Sunday, March 31, 2024


 "Shift Happens" is a two-volume, 1200-page book about the keyboard. It's a tour de force of the history and significance of the keyboard over the past 150 years. The book is a work of art, with hundreds of beautiful pictures, drawings, old advertisements, font samples and illustrations in a high-quality print, presented in a sleeve with a third volume of background notes and commentary on the book itself.

There's an extensive history on the typewriter, with all the different early keyboard layouts; chapters on calculator and telephone keypads (and why they're different); on how (and why) the QWERTY layout was adapted to other languages. There's a whole chapter on the IBM model F and M (one of the best regarded keyboards of all time); and another on the Sinclair ZX81 and Spectrum (one of the worst).

This is one of my favorite books of all time, and if they ever do a second print - a possibility, given how popular the first print was - I urge you to get a copy.

A HHKB keyboard and a book.

My Happy Hacking keyboard, and the second volume of Shift Happens, on the page discussing the Happy Hacking keyboard line.

But - keyboards? Why do I care? Why should you care?

Perhaps you don't care, and that's OK. We live in a world that's managed to make meditation into an equipment sport and a way to flaunt our taste or wealth. Caring about  keyboards, and spending sometimes quite serious money on them, seems like another self-indulgent hobby for the technology-obsessed.

But perhaps you should care. A keyboard is a device we interact with every day, like a monitor or a desk chair - or even like a mattress or pillow. It's a part of your working environment. How much your keyboard — or your chair — matters depends a lot on how much you use it.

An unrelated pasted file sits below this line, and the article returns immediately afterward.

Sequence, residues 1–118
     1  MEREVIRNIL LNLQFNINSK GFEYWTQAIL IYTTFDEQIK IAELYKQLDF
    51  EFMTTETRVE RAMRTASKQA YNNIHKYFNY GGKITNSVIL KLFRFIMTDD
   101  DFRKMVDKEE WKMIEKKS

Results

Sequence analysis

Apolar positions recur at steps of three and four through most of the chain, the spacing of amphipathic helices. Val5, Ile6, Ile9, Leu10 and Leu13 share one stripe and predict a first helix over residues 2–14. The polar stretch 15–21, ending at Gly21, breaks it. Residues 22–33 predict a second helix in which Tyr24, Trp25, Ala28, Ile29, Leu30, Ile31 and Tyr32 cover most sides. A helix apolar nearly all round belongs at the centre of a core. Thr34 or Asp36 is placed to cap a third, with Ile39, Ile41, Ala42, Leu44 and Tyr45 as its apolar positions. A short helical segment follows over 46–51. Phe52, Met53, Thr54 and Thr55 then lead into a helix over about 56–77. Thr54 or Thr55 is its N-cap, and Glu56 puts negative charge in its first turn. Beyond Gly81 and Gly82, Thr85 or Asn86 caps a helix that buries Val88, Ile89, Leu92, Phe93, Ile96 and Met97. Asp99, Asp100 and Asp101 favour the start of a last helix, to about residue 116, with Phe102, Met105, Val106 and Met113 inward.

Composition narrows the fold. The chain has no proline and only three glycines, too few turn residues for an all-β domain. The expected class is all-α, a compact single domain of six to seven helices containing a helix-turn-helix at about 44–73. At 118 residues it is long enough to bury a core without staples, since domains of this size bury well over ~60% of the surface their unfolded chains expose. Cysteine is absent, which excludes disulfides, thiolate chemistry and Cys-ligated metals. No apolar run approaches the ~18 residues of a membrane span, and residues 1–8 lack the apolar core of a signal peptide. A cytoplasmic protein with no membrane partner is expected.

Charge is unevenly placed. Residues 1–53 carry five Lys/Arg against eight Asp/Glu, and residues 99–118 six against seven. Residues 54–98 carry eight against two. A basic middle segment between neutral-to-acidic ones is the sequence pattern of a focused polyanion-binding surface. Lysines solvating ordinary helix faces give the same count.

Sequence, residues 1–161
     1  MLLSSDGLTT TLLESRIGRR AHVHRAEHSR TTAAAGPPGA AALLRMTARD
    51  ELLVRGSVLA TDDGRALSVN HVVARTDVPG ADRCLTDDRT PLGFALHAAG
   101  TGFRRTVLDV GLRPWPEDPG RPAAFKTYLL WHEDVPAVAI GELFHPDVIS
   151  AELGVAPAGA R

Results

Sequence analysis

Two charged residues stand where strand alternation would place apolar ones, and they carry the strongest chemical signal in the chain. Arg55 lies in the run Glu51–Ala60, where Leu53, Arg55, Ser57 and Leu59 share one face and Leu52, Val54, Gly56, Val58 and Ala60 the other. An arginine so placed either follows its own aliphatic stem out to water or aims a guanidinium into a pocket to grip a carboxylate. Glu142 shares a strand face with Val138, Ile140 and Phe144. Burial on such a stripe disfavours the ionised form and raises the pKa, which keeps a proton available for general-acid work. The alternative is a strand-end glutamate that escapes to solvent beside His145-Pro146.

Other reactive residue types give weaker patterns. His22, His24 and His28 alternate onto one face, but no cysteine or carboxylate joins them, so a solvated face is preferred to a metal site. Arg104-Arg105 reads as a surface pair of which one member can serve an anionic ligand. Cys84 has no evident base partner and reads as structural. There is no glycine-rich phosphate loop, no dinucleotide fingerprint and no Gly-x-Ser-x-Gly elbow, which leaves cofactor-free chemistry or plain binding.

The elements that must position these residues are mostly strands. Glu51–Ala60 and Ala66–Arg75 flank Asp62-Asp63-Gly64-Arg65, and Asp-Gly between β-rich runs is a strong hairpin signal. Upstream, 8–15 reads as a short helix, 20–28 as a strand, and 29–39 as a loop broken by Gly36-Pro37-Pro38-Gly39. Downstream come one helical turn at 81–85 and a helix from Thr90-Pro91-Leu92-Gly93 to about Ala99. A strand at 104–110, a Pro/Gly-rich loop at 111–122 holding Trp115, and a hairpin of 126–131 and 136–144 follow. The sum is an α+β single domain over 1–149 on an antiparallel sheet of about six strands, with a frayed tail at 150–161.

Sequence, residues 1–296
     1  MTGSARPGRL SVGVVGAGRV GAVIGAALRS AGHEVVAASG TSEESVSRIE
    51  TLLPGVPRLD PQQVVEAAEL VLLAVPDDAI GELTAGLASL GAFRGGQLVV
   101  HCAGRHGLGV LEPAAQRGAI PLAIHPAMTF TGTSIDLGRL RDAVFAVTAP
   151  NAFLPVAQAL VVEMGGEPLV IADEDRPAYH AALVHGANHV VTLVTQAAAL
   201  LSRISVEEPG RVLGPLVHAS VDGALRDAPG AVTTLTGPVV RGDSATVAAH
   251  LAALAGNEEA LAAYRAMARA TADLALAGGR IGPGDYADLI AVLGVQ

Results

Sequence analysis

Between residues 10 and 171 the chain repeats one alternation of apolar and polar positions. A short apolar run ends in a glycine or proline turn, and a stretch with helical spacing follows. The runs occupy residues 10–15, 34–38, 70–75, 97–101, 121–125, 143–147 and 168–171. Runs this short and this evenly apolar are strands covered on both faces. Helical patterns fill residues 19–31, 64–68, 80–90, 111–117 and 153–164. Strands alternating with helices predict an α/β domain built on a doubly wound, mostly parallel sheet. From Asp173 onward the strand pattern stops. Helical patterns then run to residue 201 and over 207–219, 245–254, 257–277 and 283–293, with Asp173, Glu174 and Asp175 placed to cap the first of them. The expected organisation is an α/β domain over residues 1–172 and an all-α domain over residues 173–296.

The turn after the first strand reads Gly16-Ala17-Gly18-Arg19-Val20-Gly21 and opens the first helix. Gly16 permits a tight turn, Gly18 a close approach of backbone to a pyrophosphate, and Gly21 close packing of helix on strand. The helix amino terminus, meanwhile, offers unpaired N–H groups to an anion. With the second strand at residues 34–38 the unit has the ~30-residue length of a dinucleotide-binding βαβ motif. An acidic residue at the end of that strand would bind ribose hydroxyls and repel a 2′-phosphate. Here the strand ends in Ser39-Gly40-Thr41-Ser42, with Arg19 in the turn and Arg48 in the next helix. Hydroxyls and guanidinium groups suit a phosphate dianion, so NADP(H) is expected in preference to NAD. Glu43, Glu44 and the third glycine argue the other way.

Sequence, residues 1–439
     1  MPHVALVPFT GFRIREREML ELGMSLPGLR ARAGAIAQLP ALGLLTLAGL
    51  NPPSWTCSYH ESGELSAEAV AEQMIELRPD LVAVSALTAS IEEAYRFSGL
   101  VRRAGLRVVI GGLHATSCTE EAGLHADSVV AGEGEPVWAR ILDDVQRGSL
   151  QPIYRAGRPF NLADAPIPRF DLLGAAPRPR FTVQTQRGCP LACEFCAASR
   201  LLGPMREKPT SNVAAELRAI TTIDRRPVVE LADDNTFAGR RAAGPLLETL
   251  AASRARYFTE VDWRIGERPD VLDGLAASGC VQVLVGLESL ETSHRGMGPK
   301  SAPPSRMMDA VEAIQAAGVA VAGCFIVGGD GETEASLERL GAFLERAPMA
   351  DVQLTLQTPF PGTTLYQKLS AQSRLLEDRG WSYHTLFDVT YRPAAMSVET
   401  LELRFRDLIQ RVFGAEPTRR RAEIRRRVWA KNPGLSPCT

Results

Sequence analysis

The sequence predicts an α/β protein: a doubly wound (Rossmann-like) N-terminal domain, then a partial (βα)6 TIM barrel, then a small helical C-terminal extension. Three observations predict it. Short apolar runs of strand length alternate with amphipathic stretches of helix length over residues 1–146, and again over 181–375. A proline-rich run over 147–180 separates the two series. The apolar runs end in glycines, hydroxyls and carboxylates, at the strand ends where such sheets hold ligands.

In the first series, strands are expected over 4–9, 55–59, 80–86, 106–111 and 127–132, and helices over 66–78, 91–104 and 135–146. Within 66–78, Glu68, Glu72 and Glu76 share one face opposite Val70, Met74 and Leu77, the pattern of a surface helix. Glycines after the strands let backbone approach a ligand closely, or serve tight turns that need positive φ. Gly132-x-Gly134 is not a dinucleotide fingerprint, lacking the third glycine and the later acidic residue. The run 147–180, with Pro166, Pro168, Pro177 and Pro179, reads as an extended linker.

If you're sitting on the subway tapping out a message on your phone then neither the seat, the overhead glare or the tiny non-tactile screen keyboard really matters at all. If you only occasionally work from home then your laptop and your kitchen chair is fine for a couple of hours at a time. A laptop is also fine for meetings or business trips.

But as you work for longer stretches, and do it more often, the ergonomics start to matter — for your chair and for your desk, for your monitor, and for your keyboard. When you're at your computer for 8-10 hours every day for years on end, your working environment is critical for your long-term well-being

And yet, we tend to forget our keyboards.

It's not unusual to see people insist on a Herman Miller office chair and a high-end color-balanced monitor, but still use a regular Apple or Dell keyboard that got thrown in for free when they bought their computer. Most people have probably never given their keyboard a second thought, and have no idea that their recurring back, shoulder or wrist problems could be due to the keyboard in front of them.

Mechanical keyboards are all the rage right now — that link goes to a pretty good explainer of the different keyboard types. They're "mechanical" in the sense that each key has its own mechanical switch built in. This tends to make them larger and more expensive (and sometimes more noisy) than a regular keyboard. But they allow for longer key travel; a softer touch; and better, more definitive feedback. Over time it makes for less finger strain and fewer typing errors.

But you don't have to spend hundreds of dollars to get a decent keyboard. The one you got with the computer (even the cool-looking metal Apple one) or built in to your laptop really isn't very good; with really shallow key travel, unsteady keys and a hard, jarring bottom-out that hurts your fingertips.